Soft spaces need, of course, conventional fixed territories as vehicles for representation and democratic legitimacy, as well as execution of responsibilities for service delivery and governing as ‘actually existing’ statutory duties and responsibilities. But, against this complexity, how do we define a city region? Use formal structures to also provide a legitimate base for political decisions and also associated implementation (funding), or define on the basis of collective agreements as a more or less formalised network of municipal actors that follow opportunity-driven (time-limited) alliances? It is this question that needs to be further discussed: meanings and practices of governance vis-à-vis city-regions, however defined – functionally, strategically-representationally, or administratively. And how could ‘smartness’ help in its proposed creative, experimental and reconciliatory nature, seeking to match up different spatial constructs: functional, ideational and practical? This involves also trans-scalar relationships – of relational (network) city-regionalism and territorial administrative entities. Such may be placed in a matrix consisting of two variables: scale (local – regional) and ‘regionality’ (hard-soft, relational-territorial), with different city-regions located in different positions, based on their particular compromises between regional formality and scale.

This understanding of smartness would, at first glance, be quite a way away from the understanding based on ICT. However, upon second view, such ICT may provide at least part of a mechanism of linking the two dimensions (and their constantly changing nature). This will also depend on established practices and expectations of government and governance (role of placeness), and openness to novel ideas, which may depend on leadership.

Such questions will need to be addressed at the next workshop, possibly located in such a dynamic and complex, and thus fascinating, city-region as the Øresund (Danish–Swedish border). How do we define a city region at the intersection of the inter-/national and local, and the urban and rural? And, how do we thus bring together considerable inequalities and differences in ambitions, perspectives and priorities. The conflicting nature of urban and rural (peripheral) structures have become increasingly evident, not at least through populist politics.

This closely ties in with discussions of democracy, legitimacy and public participation, a topic that needs to be given more attention. Such was pointed out repeatedly at this workshop, especially in light of shifting politics vis-à-vis growing divisions between ‘winners’ and ‘losers’ in globalization, be that people or places.

What is the role of the state? Could ‘smartness’ embrace that as well, such as through better connectivity between the citizenry and political actors? While many strategies of urban development highlight constant learning and quick adaptation to an accelerating fluidity (partly caused by new technological developments), ever more people get the feeling of being overstrained and shut out from process and decision-making that affects them.

In response, they call for more state to ‘take back control’ over development, currently particularly regarding the easily noticeable impacts of international migration and trade. Would thus city-regions also be pushed back into a state-centric construct of administrative hierarchies? Smartness would imply to react to these concerns and seek to reconcile the different interests and agendas, as well as concepts and idealisms. Know the consequences and address them? Demand for smart people? What has to adapt to what – the order of priorities, or their very contents? Do we give way to algorithms as a way to find logical solutions but, perhaps, proposing just more of the same? Who benefits? ICT may not simply offer routes to clearer answers, but also lead to increasing spatial inequalities.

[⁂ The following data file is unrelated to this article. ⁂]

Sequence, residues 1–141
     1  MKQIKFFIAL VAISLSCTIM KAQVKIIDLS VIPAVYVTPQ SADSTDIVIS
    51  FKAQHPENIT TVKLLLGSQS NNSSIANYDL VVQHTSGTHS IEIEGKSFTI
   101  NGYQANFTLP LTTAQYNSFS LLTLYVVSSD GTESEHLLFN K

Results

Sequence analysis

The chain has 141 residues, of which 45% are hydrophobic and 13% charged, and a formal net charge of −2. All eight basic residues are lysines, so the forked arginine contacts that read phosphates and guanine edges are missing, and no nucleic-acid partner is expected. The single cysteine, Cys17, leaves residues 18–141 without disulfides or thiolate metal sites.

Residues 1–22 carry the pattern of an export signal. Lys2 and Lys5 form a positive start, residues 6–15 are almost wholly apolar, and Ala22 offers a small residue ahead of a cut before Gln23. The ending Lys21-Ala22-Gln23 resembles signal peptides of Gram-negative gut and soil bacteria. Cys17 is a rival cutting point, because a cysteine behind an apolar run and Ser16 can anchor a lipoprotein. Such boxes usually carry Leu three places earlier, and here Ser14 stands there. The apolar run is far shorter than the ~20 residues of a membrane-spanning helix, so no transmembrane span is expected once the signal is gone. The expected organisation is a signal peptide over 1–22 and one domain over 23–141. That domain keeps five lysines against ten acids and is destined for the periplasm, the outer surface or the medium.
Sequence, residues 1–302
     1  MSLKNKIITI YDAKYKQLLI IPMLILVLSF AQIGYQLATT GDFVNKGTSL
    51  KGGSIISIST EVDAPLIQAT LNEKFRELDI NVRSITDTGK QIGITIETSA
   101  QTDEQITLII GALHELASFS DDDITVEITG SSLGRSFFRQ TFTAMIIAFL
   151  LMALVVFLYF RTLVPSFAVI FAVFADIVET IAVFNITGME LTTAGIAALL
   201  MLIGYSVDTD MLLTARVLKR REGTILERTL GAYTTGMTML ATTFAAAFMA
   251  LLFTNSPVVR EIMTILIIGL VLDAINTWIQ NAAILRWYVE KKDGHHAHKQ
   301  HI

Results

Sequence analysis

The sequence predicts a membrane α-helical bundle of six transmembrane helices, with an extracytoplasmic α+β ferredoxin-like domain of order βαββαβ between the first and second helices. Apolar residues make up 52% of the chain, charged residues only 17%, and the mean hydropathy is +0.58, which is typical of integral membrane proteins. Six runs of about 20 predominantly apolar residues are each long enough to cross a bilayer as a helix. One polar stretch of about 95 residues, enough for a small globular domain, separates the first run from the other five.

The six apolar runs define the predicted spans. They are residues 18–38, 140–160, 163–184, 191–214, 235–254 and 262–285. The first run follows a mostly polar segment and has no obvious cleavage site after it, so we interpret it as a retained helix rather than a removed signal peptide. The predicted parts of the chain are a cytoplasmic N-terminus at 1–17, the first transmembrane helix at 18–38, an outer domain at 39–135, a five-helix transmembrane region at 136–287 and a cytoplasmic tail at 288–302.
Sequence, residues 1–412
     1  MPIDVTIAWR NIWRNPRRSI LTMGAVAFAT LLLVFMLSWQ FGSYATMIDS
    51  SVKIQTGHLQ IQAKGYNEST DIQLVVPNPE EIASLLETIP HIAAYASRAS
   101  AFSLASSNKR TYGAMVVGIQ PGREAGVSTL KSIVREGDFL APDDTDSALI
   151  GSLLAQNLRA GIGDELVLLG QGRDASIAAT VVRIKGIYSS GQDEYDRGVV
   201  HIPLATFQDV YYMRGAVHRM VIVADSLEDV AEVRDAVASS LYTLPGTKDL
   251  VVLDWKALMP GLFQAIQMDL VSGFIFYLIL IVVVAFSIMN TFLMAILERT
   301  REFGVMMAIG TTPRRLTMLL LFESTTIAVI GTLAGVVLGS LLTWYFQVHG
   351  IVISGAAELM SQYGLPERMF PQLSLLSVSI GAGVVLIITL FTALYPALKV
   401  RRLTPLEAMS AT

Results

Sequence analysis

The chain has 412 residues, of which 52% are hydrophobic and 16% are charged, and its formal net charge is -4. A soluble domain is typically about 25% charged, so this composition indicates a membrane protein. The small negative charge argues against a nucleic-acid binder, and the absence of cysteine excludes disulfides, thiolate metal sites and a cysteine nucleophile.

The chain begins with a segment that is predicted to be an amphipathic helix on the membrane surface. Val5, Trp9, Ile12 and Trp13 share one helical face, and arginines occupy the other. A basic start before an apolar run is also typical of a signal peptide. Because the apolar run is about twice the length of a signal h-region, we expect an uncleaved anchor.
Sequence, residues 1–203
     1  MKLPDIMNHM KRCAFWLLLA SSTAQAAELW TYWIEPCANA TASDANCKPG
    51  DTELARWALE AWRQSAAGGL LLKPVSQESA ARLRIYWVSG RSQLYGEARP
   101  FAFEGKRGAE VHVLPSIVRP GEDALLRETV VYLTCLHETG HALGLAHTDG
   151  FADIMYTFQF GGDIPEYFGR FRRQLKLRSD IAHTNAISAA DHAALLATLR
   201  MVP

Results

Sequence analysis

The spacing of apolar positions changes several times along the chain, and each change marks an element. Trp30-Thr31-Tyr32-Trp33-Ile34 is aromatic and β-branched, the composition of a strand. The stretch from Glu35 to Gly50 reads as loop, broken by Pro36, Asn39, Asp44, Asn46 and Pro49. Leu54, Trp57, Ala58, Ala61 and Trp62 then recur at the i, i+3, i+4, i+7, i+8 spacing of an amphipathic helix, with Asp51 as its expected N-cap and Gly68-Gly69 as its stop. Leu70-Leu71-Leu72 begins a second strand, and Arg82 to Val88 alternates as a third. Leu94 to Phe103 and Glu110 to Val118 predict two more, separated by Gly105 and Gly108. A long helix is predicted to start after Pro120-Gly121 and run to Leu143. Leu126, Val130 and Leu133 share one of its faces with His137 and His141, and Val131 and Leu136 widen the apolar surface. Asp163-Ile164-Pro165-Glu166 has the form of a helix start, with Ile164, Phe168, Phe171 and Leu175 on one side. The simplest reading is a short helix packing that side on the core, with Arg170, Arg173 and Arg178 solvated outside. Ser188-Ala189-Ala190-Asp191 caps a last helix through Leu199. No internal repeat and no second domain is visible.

The next and last conference of this RSA Research Network on ‘Smart City-Regional Governance for Sustainability’ is going to deal with this topic of the role of the state and authority, and whether ‘institutional smartness’ could provide a more responsive, light-footed, flexible and innovative approach to the role of the state in governance than offered in conventional state-centric models.

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About Gerd, Iwona and Tassilo

Dr. Gerd Lintz is a senior researcher at the Leibniz Institute of Ecological Urban and Regional Development (IOER) in Dresden, Germany. His research focuses on local and regional environmental governance. He is also the RSA ambassador for Germany.

Prof. Iwona Sagan is the Head of Department of Socio-Economic Geography, University of Gdansk, Poland. Her research mainly focuses on urban studies and regional development, urban and regional policy, social and economic transformation of post-socialist cities, quality of life.

Dr. Tassilo Herrschel is Reader in Urban and Regional Development and Governance at the University of Westminster, London. His work revolves around comparative analysis of (smart) urban governance, the growing role of cities as international actors next to states, and the role of different national contexts, including regime ‘transition’ (democratisation).